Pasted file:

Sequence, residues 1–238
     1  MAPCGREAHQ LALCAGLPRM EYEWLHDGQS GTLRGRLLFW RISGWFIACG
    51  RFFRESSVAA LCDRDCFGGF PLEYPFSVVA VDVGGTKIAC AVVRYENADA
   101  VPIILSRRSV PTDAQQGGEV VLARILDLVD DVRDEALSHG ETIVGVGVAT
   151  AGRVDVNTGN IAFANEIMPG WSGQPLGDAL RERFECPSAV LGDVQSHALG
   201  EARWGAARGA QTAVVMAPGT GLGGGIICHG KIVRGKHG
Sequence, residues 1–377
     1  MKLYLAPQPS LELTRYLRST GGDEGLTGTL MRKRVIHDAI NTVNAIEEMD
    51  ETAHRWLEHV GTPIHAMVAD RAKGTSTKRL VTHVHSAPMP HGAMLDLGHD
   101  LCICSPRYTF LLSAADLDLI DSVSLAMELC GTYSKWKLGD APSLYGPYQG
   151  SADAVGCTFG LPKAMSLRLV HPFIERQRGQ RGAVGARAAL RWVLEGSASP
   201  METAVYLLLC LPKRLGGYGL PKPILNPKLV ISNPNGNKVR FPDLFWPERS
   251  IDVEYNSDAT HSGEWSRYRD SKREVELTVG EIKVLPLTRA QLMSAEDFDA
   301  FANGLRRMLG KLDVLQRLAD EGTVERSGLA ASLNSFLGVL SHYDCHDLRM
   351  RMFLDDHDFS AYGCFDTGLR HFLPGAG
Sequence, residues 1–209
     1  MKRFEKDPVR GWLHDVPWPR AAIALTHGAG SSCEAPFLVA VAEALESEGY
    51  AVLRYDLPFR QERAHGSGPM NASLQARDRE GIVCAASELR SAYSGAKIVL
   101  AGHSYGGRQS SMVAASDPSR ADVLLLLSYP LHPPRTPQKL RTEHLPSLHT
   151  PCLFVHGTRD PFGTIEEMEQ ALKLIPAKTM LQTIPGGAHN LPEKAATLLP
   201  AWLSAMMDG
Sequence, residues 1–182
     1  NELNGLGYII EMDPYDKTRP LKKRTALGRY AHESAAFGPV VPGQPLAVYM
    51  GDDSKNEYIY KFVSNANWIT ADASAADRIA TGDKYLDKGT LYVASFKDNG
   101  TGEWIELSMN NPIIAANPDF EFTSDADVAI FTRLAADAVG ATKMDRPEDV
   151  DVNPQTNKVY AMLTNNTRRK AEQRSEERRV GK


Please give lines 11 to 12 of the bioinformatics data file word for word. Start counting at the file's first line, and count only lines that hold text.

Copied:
   151  SADAVGCTFG LPKAMSLRLV HPFIERQRGQ RGAVGARAAL RWVLEGSASP
   201  METAVYLLLC LPKRLGGYGL PKPILNPKLV ISNPNGNKVR FPDLFWPERS